How and why do so many health myths transform into everyday wisdom? Perhaps because academic press releases are exaggerated or misrepresented when they're written up in news stories.
The goal of a press release around a scientific study is to draw attention from the media, and that attention is supposed to be good for the university, and for the scientists who did the work. Ideally the endpoint of that press release would be the simple spread of seeds of knowledge and wisdom; but it's about attention and prestige and, thereby, money. Major universities employ publicists who work full time to make scientific studies sound engaging and amazing. Those publicists email the press releases to people like me, asking me to cover the story because "my readers" will "love it." And I want to write about health research and help people experience "love" for things. I do!
Across 668 news stories about health science, the Cardiff researchers compared the original academic papers to their news reports. They counted exaggeration and distortion as any instance of implying causation when there was only correlation, implying meaning to humans when the study was only in animals, or giving direct advice about health behavior that was not present in the study. They found evidence of exaggeration in 58 to 86 percent of stories when the press release contained similar exaggeration. When the press release was staid and made no such errors, the rates of exaggeration in the news stories dropped to between 10 and 18 percent.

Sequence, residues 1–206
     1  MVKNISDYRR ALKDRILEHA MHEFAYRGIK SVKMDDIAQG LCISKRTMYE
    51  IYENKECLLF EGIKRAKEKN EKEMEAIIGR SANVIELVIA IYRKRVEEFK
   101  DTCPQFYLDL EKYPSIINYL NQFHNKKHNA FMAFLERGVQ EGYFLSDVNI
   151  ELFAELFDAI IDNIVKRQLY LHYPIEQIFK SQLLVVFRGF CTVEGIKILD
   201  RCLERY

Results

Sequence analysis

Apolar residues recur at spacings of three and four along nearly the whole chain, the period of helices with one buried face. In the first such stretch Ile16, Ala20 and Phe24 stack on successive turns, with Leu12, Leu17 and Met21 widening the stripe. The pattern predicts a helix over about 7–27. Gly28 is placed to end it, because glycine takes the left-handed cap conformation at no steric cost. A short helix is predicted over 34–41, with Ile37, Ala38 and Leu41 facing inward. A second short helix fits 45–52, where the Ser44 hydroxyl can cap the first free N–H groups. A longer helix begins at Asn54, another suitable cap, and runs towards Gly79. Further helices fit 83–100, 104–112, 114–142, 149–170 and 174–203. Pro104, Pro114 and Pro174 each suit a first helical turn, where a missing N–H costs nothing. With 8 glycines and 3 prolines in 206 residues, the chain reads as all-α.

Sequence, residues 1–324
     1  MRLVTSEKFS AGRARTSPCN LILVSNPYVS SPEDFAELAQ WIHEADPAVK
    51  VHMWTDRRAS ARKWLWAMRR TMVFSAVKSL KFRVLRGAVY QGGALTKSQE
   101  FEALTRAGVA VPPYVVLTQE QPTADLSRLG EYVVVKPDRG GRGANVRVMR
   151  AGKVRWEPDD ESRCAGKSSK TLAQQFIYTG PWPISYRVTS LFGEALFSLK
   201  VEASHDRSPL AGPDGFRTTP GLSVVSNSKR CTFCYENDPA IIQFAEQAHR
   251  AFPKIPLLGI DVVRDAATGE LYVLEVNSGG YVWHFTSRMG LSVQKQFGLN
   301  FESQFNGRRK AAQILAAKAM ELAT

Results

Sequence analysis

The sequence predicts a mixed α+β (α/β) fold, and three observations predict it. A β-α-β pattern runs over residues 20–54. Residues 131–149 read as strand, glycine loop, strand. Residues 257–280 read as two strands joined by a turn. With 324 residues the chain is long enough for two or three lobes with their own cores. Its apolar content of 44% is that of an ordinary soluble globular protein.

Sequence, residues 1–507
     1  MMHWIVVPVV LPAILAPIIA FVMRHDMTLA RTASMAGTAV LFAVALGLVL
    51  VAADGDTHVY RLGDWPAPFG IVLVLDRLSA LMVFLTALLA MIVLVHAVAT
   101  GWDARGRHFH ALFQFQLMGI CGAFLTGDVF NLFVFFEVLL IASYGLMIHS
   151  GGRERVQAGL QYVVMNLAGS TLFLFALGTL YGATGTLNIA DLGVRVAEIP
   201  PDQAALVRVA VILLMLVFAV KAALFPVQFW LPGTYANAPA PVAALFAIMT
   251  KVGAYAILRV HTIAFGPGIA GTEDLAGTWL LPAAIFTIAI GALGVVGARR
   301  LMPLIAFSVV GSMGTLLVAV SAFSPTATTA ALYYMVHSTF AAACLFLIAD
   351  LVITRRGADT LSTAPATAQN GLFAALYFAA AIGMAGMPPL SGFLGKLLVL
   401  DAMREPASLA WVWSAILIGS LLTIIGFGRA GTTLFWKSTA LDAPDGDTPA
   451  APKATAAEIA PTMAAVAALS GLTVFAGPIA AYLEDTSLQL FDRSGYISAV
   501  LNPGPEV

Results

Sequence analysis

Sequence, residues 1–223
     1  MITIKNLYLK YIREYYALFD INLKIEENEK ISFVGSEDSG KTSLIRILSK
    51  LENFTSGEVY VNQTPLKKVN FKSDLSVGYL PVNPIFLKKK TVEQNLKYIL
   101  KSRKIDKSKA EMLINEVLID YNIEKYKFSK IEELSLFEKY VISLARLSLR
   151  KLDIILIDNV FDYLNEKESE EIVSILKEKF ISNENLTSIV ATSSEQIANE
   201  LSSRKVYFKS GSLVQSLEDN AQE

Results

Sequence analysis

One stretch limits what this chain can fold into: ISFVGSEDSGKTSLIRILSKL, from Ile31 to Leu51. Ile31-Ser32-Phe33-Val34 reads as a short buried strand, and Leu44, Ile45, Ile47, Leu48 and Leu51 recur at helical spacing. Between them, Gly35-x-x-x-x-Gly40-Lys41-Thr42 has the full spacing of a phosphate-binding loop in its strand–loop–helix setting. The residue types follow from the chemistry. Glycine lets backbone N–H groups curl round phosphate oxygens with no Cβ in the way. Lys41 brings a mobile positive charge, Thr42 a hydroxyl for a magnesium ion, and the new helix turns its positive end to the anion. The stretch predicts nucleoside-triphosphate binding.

Even the degree of exaggeration between press releases and news stories was broadly similar.
One golden rule: never believe a press release.
Of course, since most research papers I encounter online are behind a paywall, it's difficult to compare them to the news stories representing them. Why are so many research papers paywalled? I can't imagine the revenue to be more than a trifle so why not just let more eyeballs at it to amplify one's fame instead? Perhaps someone with more knowledge of that world can explain the economics.